CompostBinsI wrote a few weeks ago about how farming seemed to be about 40% fencing. If you have animals, I think an additional 40% is about poo management. Today, if you haven’t guessed, I cleaned out the chicken coop, changed out the shredded paper under the rabbit cages, and chipped out the area in the duck pen where they spend most of their time at night. All of this was deposited, with a LOT of water, in the compost pile, using a shovel and a wheelbarrow. After all, the bedding is supposed to be absorbent, so it takes a lot of water to get it wet enough to get the composting process started.

I’ve learned to wear a wet bandana around my nose for this lovely task, as the ammonia in the chicken poo irritates my lungs, and given the dry conditions in the coop, it quickly fills up with dust when you start moving things around. But once it is well cooked and turned into fertilizer, it’s the greatest stuff on the planet for growing healthy happy vegetables.

YoungRooster

One of the young roosters, hatched out around April 1st.

The chickens were a bit baffled by the whole procedure, as I kicked them out of the coop while I was working, since the back stall door was open. I learned early in the day that if you leave the back door open, even for a moment, everyone wants to see what is on the other side and you get taken way off task herding chickens back into the pen…three different times. So everyone who hadn’t laid an egg that day got to cross their little chicken legs and “hold it” for an hour while I got things mucked out, layered in the compost pile, and then new wood shreds added back into the coop. I’ve been trying to get to this task for weeks in the last afternoon when everyone is done laying, but it’s been so hot by then that I just couldn’t face it.

Since I was already filthy and dripping sweat, I decided I might as well go mow the aisles between the garden rows and then hose down the mower, which was caked with several months worth of dirt and grass clippings. Go me. Such are the joys of farming.

FreeRangeBut then, after a much-needed shower, I went back out into the chicken yard, and out in the pasture everyone was grazing. EVERYONE. Ducks, chickens, turkey, goats and sheep. All contentedly munching on clover and generally looking like something from a children’s book titled “Farmer Jen’s Animals”. Pretty sweet.

wildcherriesLast Friday, my husband’s work had their annual employee picnic. We made the obligatory appearance, but I had ulterior motives. The picnic is held every year in this large park along the river. And along that river is the highest abundance of wild edibles I’ve ever seen in one place, just there for the taking, right on the bike path. Wild cherries, chokecherries, old apple trees, huge rose hips, blackberries by the gallon, elderberries…I’m sure there is more I’ve missed. The cherries were ripe, so we brought along a bucket. We had hoped we could just shake the tree, as the cherries are WAY up there (no dwarf root-stock on these old girls), but that wasn’t happening. We eventually found a tree with some branches we could reach. The cherries were sweet (not like chokecherries) and yes, I did find a few small green caterpillars, but I picked them off, and was happy for the free fruit.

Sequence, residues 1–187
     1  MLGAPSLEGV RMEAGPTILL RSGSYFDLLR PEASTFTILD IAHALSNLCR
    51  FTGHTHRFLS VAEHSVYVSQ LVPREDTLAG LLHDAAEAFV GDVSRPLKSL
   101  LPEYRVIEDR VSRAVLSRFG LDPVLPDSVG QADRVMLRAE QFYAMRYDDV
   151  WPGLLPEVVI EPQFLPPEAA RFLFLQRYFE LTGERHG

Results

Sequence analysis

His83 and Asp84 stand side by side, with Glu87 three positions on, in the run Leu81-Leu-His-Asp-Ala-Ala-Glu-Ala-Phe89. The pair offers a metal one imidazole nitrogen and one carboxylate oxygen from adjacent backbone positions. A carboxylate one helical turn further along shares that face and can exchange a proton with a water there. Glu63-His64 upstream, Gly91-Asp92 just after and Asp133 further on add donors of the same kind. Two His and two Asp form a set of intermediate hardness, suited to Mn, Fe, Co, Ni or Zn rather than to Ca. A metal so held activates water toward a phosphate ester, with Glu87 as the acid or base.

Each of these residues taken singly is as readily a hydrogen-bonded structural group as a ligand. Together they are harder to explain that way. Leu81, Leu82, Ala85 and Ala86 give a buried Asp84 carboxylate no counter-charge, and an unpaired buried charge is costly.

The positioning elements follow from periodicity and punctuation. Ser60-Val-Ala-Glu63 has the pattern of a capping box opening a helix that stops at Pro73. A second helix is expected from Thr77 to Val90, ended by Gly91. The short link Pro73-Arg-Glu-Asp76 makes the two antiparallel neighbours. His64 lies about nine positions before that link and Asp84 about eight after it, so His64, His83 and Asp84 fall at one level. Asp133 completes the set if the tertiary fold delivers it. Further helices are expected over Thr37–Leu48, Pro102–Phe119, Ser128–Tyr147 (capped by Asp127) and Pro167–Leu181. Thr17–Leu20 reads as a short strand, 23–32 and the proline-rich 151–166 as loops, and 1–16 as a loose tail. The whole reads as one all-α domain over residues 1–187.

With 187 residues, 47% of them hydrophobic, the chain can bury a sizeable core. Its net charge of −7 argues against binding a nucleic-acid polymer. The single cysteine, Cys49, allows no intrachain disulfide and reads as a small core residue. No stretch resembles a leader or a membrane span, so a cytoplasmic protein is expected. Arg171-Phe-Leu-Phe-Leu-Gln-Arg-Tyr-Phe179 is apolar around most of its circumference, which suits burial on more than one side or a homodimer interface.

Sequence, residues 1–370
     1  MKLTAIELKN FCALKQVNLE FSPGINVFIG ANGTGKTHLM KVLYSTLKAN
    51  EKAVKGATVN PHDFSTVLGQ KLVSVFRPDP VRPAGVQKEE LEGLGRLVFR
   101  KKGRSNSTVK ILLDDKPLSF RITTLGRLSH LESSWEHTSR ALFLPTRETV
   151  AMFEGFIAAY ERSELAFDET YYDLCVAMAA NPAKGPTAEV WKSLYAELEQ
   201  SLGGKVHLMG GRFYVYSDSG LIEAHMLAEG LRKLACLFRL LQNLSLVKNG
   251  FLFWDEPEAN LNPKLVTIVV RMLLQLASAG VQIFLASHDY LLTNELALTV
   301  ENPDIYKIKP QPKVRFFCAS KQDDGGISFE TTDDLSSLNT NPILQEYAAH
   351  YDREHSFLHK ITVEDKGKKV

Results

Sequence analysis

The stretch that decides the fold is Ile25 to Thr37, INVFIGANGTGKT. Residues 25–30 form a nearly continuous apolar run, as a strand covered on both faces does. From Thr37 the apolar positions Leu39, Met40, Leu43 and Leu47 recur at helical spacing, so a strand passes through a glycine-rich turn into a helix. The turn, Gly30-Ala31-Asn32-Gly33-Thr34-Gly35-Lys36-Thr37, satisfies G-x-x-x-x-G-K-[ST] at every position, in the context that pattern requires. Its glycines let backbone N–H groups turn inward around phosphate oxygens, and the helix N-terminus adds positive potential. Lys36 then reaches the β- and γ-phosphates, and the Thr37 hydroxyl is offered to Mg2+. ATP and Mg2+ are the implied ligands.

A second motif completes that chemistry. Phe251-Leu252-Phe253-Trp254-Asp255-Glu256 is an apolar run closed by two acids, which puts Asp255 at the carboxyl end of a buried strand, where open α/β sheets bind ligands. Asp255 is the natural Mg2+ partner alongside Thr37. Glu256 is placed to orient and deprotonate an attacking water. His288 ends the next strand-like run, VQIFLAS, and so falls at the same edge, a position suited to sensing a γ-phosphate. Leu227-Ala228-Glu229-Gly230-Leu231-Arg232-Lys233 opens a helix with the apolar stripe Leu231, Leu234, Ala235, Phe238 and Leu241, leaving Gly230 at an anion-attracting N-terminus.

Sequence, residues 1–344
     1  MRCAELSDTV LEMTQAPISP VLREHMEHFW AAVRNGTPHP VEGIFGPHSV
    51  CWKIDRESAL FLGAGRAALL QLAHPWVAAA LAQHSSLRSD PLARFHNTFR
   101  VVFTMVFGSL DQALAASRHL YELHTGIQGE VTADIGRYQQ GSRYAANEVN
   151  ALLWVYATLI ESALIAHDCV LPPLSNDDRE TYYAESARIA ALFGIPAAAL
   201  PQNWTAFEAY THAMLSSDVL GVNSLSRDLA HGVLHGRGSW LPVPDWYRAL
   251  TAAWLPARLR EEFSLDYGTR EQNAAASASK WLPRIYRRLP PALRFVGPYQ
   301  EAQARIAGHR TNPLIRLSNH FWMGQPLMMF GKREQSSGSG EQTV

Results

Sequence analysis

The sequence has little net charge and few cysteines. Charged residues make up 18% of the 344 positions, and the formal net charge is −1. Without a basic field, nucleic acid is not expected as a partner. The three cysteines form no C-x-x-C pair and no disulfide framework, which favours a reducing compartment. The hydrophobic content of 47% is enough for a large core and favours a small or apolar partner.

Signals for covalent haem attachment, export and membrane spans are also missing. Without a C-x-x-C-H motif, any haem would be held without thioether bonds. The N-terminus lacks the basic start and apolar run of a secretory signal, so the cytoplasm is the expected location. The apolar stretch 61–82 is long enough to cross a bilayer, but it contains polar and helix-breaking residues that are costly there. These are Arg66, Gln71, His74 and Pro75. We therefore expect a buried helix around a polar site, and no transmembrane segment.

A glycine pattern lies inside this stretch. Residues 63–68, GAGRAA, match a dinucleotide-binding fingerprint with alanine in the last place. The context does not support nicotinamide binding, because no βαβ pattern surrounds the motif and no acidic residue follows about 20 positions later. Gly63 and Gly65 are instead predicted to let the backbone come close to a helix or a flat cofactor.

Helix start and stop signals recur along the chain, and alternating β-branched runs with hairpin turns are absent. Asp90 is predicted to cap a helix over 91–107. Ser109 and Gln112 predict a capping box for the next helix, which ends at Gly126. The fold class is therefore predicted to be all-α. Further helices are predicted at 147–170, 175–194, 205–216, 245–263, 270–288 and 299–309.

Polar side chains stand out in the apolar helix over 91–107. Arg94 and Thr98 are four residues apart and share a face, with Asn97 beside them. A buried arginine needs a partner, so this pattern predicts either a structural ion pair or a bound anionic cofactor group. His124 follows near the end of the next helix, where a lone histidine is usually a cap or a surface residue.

CherryApricotCanningWe decided the best use for these black beauties would be a simple cherry syrup (hello Sunday morning pancakes). So I cooked the cherries down in their own juice, ran them through a food mill (fed the left overs to the goats), then ran the results through a strainer. I saved the pulp that didn’t go through the strainer, and added it to a batch of apricot jam I was making. Fantastic! And the 4 cups of cherry juice, plus an additional cup of sugar, got cooked down, bottled, and water bath canned; now ready for that winter Sunday morning, if we can wait that long.

Plums are almost ripe. The tree is LOADED. I have no idea what variety they are, but they are going to be tasty!

PlumbsRipePears have a long way to go, but are stunning. I keep thinning out the fruit in the hopes that the branches don’t break. We lost a HUGE branch on the nectarine from the weight of the fruit, and an additional branch on the same tree is also broken.
Pears

Cheeto, the LaMancha, came over for a scratch, while I was trying to get a picture with all animals in it at the same time, that you could also tell who was who. No luck on that one. But she’s pretty cute, in the way goats can be cute that only a Mother can see.

CheetoAnd now, like the ducks, time for a much deserved rest.
DucksInClover

Miles Away Farm Blog © 2012, where we THINK we’ve finally gotten all of the poo off of us, and are looking forward to a salad with some of the last of the spring lettuce.

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